There are moments in Washington that cry out for the talents of Tom Lehrer, the musical satirist. It was Lehrer who years ago penned a nasty ditty in tribute to the pragmatism of Werner von Braun, the rocket scientist who worked first for the Nazis and then for the Americans: "Once the rockets are up, who cares where they come down. That's not my department, says Werner von Braun."

It is, of course, a long way from Werner von Braun to William Ruckelshaus, the likely administrator of the Environmental Protection Agency, but it seems that the pragmatism of the late rocket scientist infects him. In the course of introducing himself to EPA employes and saying he loved both Ronald Reagan and the environment, Ruckelshaus outlined what could be called his philosophy of life:

"My job as a lawyer was to represent my clients. My job at Weyerhaeuser was to represent all the stakeholders in that enterprise. My job as EPA administrator is the same today as it was when I held that job before, and that is to represent the public interest to the best of my ability." The newspaper said this was followed by applause.

The newspaper did not say that anyone yelled out, "But what do you believe, Bill?" since this would have been a most un-Washington question. It does not ever get asked of a man like Ruckelshaus who was keeper and defender of the environment while at EPA, then a lawyer who took clients in trouble with EPA and then senior vice president of a corporation known for making both paper and a mess of the environment.

In a way, it's a shame that Ruckelshaus had to say what he did. He is an admirable man, one of the few to have worked high up in the Nixon administration and come out of it with more esteem than when he went in. What made him different was that he stood for something in an administration that stood for nothing but its own survival. It would be a shame if his EPA speech meant he now stands for the cause of those who pay his bills.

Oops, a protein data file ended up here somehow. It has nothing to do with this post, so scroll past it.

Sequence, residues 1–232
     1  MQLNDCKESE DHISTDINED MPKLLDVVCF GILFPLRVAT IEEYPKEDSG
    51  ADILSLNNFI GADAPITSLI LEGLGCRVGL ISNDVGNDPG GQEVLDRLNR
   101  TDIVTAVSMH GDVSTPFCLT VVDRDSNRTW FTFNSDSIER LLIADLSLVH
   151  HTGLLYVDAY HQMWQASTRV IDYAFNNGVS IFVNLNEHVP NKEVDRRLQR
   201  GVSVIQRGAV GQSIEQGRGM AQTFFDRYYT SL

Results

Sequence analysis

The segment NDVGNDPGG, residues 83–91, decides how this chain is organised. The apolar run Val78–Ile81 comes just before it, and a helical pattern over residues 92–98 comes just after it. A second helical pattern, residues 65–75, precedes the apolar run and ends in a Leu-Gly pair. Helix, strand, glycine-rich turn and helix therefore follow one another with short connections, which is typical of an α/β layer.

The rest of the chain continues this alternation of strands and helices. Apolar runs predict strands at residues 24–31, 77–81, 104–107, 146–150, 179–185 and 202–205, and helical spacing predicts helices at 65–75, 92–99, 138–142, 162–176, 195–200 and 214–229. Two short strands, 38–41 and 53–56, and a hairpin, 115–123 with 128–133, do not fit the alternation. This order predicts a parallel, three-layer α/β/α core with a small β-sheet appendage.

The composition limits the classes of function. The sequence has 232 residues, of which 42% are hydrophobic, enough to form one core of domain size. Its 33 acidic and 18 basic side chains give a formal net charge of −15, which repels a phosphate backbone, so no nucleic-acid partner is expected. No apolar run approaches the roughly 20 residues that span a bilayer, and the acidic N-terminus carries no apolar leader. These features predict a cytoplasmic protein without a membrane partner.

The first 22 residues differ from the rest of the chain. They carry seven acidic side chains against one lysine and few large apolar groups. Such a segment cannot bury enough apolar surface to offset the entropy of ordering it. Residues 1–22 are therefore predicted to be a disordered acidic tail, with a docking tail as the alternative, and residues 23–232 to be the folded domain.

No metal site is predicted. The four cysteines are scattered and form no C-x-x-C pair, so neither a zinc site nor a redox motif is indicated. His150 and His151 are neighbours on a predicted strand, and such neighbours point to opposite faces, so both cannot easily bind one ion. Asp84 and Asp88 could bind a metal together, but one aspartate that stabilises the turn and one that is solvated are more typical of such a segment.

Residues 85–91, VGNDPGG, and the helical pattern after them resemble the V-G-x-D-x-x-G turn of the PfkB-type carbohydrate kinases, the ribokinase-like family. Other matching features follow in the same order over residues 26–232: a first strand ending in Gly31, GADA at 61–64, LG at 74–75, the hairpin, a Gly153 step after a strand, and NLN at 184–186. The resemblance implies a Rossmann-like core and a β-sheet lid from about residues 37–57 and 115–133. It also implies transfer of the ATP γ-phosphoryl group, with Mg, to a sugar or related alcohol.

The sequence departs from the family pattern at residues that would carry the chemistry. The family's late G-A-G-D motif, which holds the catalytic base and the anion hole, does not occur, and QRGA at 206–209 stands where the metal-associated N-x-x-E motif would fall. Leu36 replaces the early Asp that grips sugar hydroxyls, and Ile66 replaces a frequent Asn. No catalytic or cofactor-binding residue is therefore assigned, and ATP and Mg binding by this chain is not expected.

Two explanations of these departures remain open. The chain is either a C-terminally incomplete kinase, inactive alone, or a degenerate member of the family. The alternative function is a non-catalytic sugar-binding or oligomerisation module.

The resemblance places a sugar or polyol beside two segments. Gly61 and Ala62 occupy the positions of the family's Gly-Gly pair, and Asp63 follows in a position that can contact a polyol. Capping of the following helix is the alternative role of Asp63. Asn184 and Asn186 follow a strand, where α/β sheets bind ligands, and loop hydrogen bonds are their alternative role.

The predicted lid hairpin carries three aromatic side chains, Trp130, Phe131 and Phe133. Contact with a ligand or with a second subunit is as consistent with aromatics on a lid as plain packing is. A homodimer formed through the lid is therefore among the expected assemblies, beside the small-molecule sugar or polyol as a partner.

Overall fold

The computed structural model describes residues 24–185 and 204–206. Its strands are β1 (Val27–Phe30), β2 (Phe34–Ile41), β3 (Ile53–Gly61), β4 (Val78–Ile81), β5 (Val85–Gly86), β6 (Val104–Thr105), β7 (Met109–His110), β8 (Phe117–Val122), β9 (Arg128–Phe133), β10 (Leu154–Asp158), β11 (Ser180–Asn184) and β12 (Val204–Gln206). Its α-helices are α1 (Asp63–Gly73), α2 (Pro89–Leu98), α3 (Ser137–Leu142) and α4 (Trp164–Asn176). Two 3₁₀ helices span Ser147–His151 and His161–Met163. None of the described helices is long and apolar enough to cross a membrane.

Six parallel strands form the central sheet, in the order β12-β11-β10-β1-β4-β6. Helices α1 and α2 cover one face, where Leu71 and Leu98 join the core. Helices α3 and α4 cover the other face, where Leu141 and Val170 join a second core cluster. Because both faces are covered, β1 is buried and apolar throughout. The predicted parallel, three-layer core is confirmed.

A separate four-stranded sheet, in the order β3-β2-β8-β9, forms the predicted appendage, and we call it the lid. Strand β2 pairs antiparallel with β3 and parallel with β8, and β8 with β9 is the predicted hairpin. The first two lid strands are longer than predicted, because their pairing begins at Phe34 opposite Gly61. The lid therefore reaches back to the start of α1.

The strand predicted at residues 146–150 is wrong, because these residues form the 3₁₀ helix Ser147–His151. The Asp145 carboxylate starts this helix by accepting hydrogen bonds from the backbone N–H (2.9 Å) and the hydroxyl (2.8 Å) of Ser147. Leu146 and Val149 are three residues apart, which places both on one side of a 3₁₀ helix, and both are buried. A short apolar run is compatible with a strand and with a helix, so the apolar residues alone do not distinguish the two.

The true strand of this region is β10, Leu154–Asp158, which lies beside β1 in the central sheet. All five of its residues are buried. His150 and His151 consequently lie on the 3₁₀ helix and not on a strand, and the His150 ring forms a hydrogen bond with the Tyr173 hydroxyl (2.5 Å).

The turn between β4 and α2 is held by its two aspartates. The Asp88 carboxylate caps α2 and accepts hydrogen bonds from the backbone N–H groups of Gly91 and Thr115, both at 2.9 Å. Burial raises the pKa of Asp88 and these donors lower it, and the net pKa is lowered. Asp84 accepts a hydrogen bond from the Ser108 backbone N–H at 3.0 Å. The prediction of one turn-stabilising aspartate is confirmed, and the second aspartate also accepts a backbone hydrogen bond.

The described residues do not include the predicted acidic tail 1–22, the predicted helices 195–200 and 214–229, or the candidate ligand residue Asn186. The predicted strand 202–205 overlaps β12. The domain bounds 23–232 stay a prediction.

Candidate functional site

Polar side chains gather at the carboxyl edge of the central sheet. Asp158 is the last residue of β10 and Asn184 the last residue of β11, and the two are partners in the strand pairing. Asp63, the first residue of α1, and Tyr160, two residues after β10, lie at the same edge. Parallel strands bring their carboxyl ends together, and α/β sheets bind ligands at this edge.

That, of course, is the lawyer's ethic and a wonderfully utilitarian one it is. It enables the indefensible to be defended, but it has crept into just about every endeavor. We are, in fact, surrounded by Ruckelshauses (Ruckelshomes?). Everyone is a hired specialist with nothing but a narrow interest.

In Alabama, television cameramen film a man setting fire to himself because their job is to take pictures, not put out fires. In New Bedford, some gorillas watch a woman repeatedly raped and members of the community excuse them because what was going on was not their business. Lawyers can be told of a crime and their code of ethics tells them to keep their mouth shut. Everyone is a specialist, specializing, of course, in his own self-interest.

But it should not be. When it comes to Ruckelshaus, the man has to have some principles and we ought to know what they are. He cannot, after all, swear allegiance both to Smokey the Bear and the president as if there is not an inherent contradiction there. He cannot be at one and the same time the anti-Burford and a disciple of Ronald Reagan. Burford, after all, was doing what Reagan wanted. She said so and so did the president.

Somewhere deep in his lobbyist's ethic, Ruckelshaus has to have some loyalties, some ideology. And while it is wonderful that Anne Burford et al. are gone, it is not so wonderful that Ruckelshaus deserves a free ride--that he should be uncritically welcomed, a la George Shultz, just because he is not his predecessor. He has worked, after all, for precisely the people he is now supposed to regulate. And the fact of the matter is that they, and not the government, have made him a prosperous man.

The chances are, though, that no one will be tough on Ruckelshaus. He is the sort of fellow Washington is comfortable with, the type who brings down the house for confessing to be bereft of ideology. First he works for one side and then the other and then for the first side again--beating von Braun by a third. As soon as the applause dies down, though, it would be nice if someone would ask Ruckelshaus one question: Where does he intend to work next?